COBWEB CORNERS: 1935 flood repairs remain with us todayBy Mel McFarland
In recent years, we have seen flooding problems in Ute Pass, Manitou and Colorado Springs. This story tells what Colorado Springs did after the devastating Memorial Day flood of 1935. It brought changes to the area that we can still see.
The flood, as I talked about a while back, came mainly down Monument Creek, with some high waters in Fountain Creek too. For local residents, it was the first time they'd seen Monument Creek overflow its banks so massively, but it was nothing new for Fountain Creek. Civic leaders had even moved Fountain Creek in the 1920s. It originally ran through what is now Motor City.
But in 1935, it was Monument Creek's turn. All of its bridges through Colorado Springs were destroyed, except for the Bijou bridge. Even the railroad bridges just north of the depot were washed away.
Immediately, temporary bridges were built. Federal grants, as well as state funds came into play. The plan for Monument Creek took time, and in 1936 crews started digging a deeper channel for it. Starting up by Roswell, the level was lowered up to 20 feet. Workmen could be seen from the north end to below South Nevada through the summer.
But then work stopped just after the first anniversary of the flood. Most of the bridges were nearly finished, with the railroad bridges done first, but there were funding issues. Also, some residents were arguing that the creek project would ruin Monument Valley Park. In mid-summer, work resumed, then stopped again.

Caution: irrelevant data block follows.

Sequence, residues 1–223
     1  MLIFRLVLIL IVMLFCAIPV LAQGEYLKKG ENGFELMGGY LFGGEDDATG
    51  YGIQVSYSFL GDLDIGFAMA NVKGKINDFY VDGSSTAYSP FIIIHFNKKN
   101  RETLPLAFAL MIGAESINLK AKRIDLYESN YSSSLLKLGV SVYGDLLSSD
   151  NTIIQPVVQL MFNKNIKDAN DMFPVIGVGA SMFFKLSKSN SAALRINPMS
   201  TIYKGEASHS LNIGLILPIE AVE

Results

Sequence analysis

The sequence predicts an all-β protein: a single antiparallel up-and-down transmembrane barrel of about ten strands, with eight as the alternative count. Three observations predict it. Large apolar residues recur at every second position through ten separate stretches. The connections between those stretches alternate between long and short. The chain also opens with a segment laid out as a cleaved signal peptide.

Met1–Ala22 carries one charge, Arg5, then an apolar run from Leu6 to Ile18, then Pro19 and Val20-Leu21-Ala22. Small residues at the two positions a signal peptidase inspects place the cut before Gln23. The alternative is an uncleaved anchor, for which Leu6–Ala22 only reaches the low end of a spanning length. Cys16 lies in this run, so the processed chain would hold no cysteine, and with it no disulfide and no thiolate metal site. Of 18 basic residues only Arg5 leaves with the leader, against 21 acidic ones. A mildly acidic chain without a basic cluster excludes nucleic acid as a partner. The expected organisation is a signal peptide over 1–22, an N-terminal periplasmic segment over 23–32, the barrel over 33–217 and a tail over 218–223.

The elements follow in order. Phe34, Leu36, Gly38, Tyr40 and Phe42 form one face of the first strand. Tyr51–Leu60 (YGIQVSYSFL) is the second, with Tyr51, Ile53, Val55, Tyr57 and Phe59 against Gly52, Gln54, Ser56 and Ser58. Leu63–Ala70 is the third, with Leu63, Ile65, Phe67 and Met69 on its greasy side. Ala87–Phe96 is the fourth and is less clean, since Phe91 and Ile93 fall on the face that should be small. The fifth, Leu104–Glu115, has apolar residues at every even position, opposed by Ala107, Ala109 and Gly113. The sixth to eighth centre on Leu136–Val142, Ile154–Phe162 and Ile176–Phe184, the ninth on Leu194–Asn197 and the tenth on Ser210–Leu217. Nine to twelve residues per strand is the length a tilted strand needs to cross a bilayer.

It would take until spring 1937 for the final construction. Some 364 men worked to line the channel with concrete and rock. All the bridges were finished, with improvements to protect them from flooding in the future. The work was called a federal Works Progress Administration (WPA) project, but funds from state and local sources were also used.
The creek's flood-control changes have been successfully tested several times since 1935, showing that the whole idea was not a failure, as some people had thought. Soon the citizens were taking pride in Monument Valley Park again. Some had feared that the flood had destroyed its beauty. Some was lost, but much was saved for us today.
(Posted 6/27/16; Opinion: Cobweb Corners)
Editor's note: Local historian Mel McFarland has been writing his Cobweb
Corners column in the Westside Pioneer since 2004. To see past columns,
go to the Pioneer's Archives. Either look for desired articles under the
Cobweb Corners category for any year, or search by keywords in the Find box.